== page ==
“Know who you are dealing with” is the 2016 theme for the Ontario Association of Chiefs’ of Police (OACP) Crime Prevention campaign.  Fraud and a variety of scams are highlighted in this awareness campaign to help the public be alert to crimes that affect us all.  I was honoured to represent CANASA at the media launch in Toronto to highlight the need for everyone to recognize these types of criminal activities.  You can access a copy of the 2016 OACP Crime Prevention Booklet here or at your local police station.

CBC richardOne of my volunteer roles is to serve as National President of www.CANASA.org , the industry association that serves electronic security members across the country.  Recently, CBC Go Public contacted us for information and comment concerning a story about an Alberta alarm installer accused of fraud.  The installer is alleged to have stolen personal credit card information from a homeowner during the installation of a security system.  The same security system designed to keep criminals away may have contributed to this event.  Sadly, our industry is not immune to such activity.

Clearly, the overwhelming majority of security professionals are committed to public safety and have undergone extensive background checks. Federal government departments and agencies maintain a very effective Industrial Security Program (ISP) specifically designed to provide security screening and provide assurance to stakeholders.  Our own FCi facility and team members have been granted security clearance by Public Works and Government Services Canada.  This level of security clearance allow us to help protect sensitive documents, classified and protected information, assets and people.  FCi goes beyond the standard criminal background check to ensure we not only meet minimal requirements, but that we exceed them.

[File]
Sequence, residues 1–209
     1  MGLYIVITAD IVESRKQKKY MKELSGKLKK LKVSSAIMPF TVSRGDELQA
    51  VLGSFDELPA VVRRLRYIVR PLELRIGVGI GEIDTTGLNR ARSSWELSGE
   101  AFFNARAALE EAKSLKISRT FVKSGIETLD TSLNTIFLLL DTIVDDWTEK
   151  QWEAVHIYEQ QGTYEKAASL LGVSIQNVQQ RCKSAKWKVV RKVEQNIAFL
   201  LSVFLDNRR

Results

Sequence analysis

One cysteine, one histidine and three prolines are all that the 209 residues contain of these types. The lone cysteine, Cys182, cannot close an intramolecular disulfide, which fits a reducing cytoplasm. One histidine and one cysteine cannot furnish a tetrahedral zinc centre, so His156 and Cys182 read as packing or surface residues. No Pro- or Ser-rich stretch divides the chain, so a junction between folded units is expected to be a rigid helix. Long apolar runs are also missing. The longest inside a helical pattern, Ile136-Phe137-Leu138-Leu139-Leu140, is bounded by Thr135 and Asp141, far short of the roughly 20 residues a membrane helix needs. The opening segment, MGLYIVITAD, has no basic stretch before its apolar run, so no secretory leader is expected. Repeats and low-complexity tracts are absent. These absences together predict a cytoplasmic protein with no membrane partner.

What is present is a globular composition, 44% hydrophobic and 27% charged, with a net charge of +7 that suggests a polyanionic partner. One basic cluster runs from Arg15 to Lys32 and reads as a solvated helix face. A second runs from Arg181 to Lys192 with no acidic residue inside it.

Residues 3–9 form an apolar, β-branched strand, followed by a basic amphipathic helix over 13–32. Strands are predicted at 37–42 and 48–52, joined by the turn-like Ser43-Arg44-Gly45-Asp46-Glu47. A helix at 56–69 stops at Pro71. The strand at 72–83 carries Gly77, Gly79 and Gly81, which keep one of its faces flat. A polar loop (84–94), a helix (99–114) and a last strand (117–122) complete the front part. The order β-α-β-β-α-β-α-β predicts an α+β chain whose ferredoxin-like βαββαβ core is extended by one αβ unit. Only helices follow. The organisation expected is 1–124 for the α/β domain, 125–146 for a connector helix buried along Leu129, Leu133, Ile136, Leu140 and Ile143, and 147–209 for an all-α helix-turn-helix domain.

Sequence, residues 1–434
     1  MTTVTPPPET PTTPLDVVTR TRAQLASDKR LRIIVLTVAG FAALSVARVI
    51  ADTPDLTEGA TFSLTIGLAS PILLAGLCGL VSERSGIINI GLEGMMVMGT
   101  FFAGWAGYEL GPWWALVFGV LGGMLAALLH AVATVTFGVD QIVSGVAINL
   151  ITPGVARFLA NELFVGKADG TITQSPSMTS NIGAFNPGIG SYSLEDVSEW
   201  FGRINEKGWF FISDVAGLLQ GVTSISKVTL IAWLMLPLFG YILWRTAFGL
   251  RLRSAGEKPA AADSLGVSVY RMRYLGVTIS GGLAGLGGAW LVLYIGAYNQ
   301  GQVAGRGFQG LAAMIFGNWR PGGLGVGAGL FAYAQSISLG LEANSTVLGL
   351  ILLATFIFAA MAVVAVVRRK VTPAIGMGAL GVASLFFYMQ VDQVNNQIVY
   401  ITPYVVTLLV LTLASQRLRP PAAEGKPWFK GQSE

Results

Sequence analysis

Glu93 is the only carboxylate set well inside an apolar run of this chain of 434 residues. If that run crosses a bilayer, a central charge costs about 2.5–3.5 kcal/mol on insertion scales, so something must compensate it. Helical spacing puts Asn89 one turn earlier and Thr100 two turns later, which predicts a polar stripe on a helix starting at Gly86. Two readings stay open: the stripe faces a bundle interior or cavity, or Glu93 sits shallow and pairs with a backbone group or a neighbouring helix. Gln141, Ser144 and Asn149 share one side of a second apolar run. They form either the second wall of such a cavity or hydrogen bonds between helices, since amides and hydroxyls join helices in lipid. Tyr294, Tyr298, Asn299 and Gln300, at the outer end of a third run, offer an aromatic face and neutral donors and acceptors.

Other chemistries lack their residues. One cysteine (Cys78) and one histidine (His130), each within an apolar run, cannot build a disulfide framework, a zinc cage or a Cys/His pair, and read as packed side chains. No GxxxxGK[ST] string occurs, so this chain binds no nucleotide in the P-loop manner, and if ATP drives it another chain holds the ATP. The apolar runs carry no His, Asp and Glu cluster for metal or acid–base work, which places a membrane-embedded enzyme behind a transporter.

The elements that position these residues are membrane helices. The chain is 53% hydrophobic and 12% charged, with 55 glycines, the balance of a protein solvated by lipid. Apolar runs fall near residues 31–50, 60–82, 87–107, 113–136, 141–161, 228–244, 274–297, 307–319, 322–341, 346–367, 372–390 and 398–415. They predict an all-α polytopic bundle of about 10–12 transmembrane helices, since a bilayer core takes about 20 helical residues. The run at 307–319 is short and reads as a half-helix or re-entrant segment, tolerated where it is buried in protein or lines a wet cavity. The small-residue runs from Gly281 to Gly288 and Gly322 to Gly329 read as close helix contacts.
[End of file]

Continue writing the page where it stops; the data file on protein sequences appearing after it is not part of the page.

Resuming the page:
FCi also maintain a comprehensive Health & Safety program to ensure compliance to standards.  We maintain extensive insurance to safeguard our employees and our customers.  All of this is designed to ensure consumer confidence and give them the assurance that they need.

Knowing who you are dealing with is critical.  How do consumers protect themselves from this type of occurrence?  Many provinces legislate the practices of security firms.  Quebec, British Columbia, Nova Scotia and Manitoba have provincial requirements that include regulatory oversight designed to protect the consumer and industry.  Some municipalities also have requirements for criminal background checks for those engaged in the electronic security industry.  Consumers are encouraged to do their own homework to ensure that their contractor or provider maintain these minimums.  As well, they should ensure that minimum insurance coverage is maintained by their security provider.

Be vigilant and never be afraid to ask questions of anyone offering you services, especially when it comes to security.  Asking for references is one way to ensure you are dealing with a trusted partner.  Another important factor is to visit their place of business.  This can provide you, as a consumer, the insight as to the size and type of operation that the provider has.  Learning all that you can will mitigate risk and make you a better informed consumer. FCi always welcome our clients to visit us to see the latest electronic security technology.  We are also pleased to provide references.